Students Perform Renditions of Classic Dance and Vocal Pieces

With soft and fluttering notes, Eric You ’18 began playing a light-hearted, cheery melody on the saxophone from the third movement of Gabriel Pierné’s “Canzonetta Op. 19.” He then continued with a call and response pattern with the piano accompanist, Yoon Wha Roh, Adjunct Instructor in Music, followed by one final ascending scale, and ending with a smooth, steady final note.

You was one of nine students who performed in the Student Recital this Wednesday in the Timken Room. The concert featured a wide variety of musicians playing instruments ranging from alto saxophones to flutes and cellos.

Daniel Yen ’18 opened the recital with “Cello Suite No.5 in C minor” by Johann Sebastian Bach. With one long stroke of his bow, Yen began playing a low, vibrating note, accompanied on the piano by Roh. The piece quickened as Yen played a series of flowing, sorrowful melodies and ended the piece with a sonorous note. According to Yen in an interview with The Phillipian, Bach is said to have composed this piece while learning how to play the cello, which is why the beginning of the song has an air of improvisation to it.

“I like [Bach’s compositions] because they’re very complex and they have harmonies, they have melodies, all over the place, and you have to really look to find them, look for the parts to highlight. There are so many different ways to interpret Bach. It’s just so open-ended,” said Yen.

Sophie Liu ’20 followed Yen’s performance, playing “Venetian Gondola Song, Op. 30, No. 6” by Felix Mendelssohn on the piano. The song started with slow, peaceful chords followed by a rising melody and an extended, flickering trill. The repeating musical ornaments throughout the piece, accompanied by a strong steady harmony, mimicking the feeling of swaying on a boat.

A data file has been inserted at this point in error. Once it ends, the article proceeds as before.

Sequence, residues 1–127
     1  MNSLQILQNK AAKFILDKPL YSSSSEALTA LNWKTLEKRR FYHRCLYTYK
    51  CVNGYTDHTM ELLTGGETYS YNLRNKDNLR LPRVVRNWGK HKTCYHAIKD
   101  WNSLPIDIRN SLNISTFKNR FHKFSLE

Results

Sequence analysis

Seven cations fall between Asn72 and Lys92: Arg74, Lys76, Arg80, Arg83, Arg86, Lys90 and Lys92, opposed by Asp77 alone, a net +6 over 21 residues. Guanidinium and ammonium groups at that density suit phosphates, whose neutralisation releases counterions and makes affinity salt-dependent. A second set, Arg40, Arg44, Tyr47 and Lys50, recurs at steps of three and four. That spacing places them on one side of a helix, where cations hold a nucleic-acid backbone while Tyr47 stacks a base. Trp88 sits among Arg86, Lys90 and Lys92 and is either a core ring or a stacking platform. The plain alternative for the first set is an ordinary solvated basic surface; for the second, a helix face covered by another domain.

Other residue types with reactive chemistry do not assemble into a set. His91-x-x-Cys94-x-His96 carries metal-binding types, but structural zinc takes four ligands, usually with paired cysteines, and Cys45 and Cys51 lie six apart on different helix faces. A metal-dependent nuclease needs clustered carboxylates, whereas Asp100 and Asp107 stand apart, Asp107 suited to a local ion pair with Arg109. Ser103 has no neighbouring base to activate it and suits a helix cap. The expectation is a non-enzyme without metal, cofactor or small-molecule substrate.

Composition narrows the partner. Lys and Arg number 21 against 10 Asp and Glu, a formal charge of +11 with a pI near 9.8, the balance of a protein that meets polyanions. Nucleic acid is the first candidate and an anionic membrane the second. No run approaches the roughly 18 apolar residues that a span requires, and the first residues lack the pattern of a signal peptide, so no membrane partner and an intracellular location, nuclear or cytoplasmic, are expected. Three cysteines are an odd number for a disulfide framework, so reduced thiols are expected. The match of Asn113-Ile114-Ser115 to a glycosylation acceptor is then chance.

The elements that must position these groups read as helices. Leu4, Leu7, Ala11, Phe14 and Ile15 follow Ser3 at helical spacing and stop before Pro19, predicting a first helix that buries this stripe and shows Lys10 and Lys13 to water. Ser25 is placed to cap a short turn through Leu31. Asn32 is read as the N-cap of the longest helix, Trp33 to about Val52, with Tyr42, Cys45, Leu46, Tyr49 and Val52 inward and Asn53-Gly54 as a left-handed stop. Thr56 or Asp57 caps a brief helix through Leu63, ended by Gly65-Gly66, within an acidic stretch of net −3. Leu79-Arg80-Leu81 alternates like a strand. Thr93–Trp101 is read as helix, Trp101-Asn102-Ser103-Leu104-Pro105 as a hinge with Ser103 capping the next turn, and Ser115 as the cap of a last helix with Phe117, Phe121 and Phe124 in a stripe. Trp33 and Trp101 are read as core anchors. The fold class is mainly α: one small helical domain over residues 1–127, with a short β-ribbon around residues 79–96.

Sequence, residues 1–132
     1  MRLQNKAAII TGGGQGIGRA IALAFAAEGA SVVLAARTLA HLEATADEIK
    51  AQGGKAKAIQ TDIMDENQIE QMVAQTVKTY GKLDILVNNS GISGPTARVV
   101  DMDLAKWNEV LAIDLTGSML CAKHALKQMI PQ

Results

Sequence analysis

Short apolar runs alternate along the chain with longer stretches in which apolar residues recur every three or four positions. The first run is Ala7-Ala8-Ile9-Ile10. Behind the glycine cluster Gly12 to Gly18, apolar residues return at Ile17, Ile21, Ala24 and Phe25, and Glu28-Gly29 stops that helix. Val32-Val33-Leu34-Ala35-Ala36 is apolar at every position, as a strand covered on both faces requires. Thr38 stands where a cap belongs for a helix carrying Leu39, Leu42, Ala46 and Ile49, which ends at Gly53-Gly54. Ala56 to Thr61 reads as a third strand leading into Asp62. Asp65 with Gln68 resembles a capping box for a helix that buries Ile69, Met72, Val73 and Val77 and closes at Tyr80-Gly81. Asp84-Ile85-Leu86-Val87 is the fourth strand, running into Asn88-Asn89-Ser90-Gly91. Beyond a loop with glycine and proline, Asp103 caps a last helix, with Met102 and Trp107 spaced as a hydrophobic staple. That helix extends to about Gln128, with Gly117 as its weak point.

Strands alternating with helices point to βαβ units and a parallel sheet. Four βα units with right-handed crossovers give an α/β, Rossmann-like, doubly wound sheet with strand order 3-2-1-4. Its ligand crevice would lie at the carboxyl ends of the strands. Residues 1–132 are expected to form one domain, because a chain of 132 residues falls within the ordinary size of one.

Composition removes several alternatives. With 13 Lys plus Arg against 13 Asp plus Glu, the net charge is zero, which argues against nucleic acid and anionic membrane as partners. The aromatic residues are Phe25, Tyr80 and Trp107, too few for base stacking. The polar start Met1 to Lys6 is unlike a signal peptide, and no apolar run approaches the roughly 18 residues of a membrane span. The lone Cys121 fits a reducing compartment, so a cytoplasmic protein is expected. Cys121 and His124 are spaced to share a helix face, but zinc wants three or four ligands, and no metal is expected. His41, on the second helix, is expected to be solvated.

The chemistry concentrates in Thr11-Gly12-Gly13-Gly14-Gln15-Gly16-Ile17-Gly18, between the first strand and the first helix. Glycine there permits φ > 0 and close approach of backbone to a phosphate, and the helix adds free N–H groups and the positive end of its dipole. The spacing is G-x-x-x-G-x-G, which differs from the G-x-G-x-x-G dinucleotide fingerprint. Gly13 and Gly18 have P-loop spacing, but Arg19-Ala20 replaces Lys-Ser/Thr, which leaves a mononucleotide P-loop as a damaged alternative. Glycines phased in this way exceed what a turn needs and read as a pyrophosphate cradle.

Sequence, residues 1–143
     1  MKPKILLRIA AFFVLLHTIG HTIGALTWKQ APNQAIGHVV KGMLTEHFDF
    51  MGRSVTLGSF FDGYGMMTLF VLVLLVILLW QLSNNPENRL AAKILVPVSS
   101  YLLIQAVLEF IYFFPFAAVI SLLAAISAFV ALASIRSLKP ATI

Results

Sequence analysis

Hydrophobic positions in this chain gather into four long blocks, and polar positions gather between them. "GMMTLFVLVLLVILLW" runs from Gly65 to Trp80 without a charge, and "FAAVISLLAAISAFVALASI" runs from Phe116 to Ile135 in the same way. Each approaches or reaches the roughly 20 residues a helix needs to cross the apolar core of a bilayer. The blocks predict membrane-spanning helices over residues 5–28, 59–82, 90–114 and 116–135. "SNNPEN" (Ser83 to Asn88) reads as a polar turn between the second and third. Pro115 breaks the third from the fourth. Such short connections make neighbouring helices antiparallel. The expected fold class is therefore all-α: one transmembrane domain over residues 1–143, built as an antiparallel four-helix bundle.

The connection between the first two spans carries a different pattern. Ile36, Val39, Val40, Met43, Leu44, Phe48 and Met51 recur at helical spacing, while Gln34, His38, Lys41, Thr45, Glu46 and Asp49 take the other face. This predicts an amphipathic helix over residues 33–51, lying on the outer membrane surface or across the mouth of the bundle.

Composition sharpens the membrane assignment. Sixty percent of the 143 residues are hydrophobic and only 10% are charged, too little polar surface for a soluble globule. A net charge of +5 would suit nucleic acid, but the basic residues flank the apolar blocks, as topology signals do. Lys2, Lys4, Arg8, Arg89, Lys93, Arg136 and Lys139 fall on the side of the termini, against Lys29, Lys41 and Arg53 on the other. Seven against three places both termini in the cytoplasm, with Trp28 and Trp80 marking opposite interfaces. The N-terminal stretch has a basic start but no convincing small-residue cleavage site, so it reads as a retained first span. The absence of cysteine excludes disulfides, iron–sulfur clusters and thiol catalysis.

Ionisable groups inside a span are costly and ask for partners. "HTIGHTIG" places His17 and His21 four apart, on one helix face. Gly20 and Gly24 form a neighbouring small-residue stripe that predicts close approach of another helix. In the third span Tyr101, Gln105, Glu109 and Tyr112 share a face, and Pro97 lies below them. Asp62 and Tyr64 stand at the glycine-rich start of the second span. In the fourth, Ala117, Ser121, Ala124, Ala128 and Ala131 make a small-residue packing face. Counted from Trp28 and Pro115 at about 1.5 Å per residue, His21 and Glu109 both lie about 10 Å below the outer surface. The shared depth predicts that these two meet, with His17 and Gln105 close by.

“ I like how [the piece] could really create an atmosphere that set the scene for a Venetian gondola. I [also] like the part when it goes on a long crescendo until it reaches a climax, and then it drops really beautifully down,” said Liu.

Melanie Cheung ’20 concluded the recital, playing “Waltz in B minor, Op. 69, No. 2” by Frédéric Chopin on the piano.  She began the piece with a repeating melody in the right hand, accompanied by a waltz-like rhythm in the left. Introducing a number of descending scales, Cheung returned to the original melody to finish the piece.

“ I like the beginning and the end. Part of it is because that’s the bit where I am the most familiar, so that’s where I can mess around with the tempo,” said Cheung.